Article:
ISPRO samples, library construction, and sequencing were described in our initial publication of these sequences [17]. The original sample names from that study are listed in Additional file 2: Table S1. Notably, one sample (S1/19_326) was produced using a different library kit (SQK-LSK109 vs. NBD-EXP104+SQK-LSK109 for all other samples). This is the singleplex library kit, which results in shorter adapter-ligated templates overall (due to the lack of barcodes) and thus responds differently to the equivalent clean-up bead concentration. Also, adapter trimming is performed differently in 19_326 due to the library kit differences. For these reasons, fragmentomic properties are not directly comparable between 19_326 and other samples. We thus analyzed 19_326 separately for all fragmentomic analyses (included in Additional file 1: Figs. S9-S10) but included it in all figures when analyzing the methylation and copy number alterations, where small differences in fragment length are not expected to make a difference. Standard MinKNOW runtime control was used without modification (S1 using distribution version 18, and all others using version 19).

HU plasma cfDNA samples, library construction, and sequencing

HU healthy samples are cfDNA extracted from 4-mL plasma, as originally described for these samples in [13]. The original sample names from that study are listed in Additional file 2: Table S1. Barcoded libraries were created using the NBD-EXP104 and SQK-LSK109 kits as described for the ISPRO samples. They were sequenced on a single flow cell, using standard MinKNOW runtime control (distribution v.21.11.7) without modification.

2019 real-time base calling and alignment of Nanopore fast5 files

Base calling was done using “high-accuracy real-time” mode during the run using MinKNOW distribution v.18 for run S1, and v.19.06.9 Guppy version 3.0.6+9999d81 for the others. For multiplex runs, demultiplexing was performed with guppy (version 5.0.16+b9fcd7b5b) using “--trim_barcodes --barcode_kits EXP-NBD104.” For the one singleplex sample (S1/19_326), adapters were trimmed using Porechop with parameters: “--discard_middle --extra_end_trim 0.” Minimap2 alignments were performed to GCF_000001405.39_GRCh38.p13 with minimap2 (version 2.13-r850), using the parameters “-ax map-ont --MD.” The resulting BAM files were used for fragment length and fragment end-motif analysis, below.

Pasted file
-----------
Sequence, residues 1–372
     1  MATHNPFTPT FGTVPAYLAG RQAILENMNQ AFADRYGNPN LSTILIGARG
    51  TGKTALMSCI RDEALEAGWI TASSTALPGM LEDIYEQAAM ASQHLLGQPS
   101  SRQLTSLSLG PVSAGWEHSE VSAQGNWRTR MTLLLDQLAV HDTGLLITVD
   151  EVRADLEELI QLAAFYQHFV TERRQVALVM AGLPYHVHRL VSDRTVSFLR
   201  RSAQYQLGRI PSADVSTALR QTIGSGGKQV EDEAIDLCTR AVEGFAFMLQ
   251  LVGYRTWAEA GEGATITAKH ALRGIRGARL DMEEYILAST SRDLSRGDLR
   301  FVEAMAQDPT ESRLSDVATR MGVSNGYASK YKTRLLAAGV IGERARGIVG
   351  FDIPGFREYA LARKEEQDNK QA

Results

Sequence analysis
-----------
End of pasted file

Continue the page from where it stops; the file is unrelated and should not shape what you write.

2022 high accuracy calling (HAC) base calling and alignment of Nanopore fast5 files

HU and ISPRO Fast5 files were base called and demultiplexed with Guppy (version 5.0.16+b9fcd7b5b) using “--flowcell FLO-MIN106 --kit SQK-LSK109 --trim_barcodes --barcode_kits EXP-NBD104,” model r9.4.1_450bps_hac. The resulting demultiplexed Fast5 files were used as input for Megalodon methylation analysis. Adapter trimming for the one singleplex sample, and alignment, was performed as for 2019 real-time Fast5 processing above. The resulting BAM files were used for ichorCNA, nucleosome (CTCF), fragment length, and fragment end-motif analysis, below.

Megalodon modification mapping to produce mod_mappings.bam files

Demultiplexed Fast5 files from the “2022 high accuracy calling (HAC) base calling and alignment of Nanopore fast5 files” section above were processed using Megalodon v. 2.4.2 with the following command-line parameters “--edge-buffer 0 --mod-min-prob 0 --guppy-params ‘-d /usr/local/hurcs/guppy/6.0.1/data --barcode_kits EXP-NBD104 --trim_barcodes’ --remora-modified-bases dna_r9.4.1_e8 hac 0.0.0 5mc CG 0 --guppy-config dna_r9.4.1_450bps_hac.cfg.” Internally, Megalodon used Guppy server version 6.0.1+652ffd1 and base calling model r9.4.1_450bps_hac. By default, Megalodon filters out multi-mapping (supplementary) reads and uses the minimap2 “map-ont” mode to filter low-quality mappings. Each individual Fast5 tile was run individually, and the resulting mod_mapping.bam files were merged into a single mod_mappings.bam file using samtools merge (v1.14). Samtools/HTSlib versions before v.1.14 were not able to handle the Mm/Ml modification stages. Because Megalodon reports only the reference sequence in the BAM records, and does not report any base substitutions, these are anonymous BAM files which do not contain any genetic information, and thus contain no personally identifiable information and can be shared publicly. These are the primary files used for all methylation analysis, described in more detail below, and are available from GEO GSE185307 and at Zenodo DOI: 10.5281/zenodo.6642503.

DeepSignal methylation calling and processing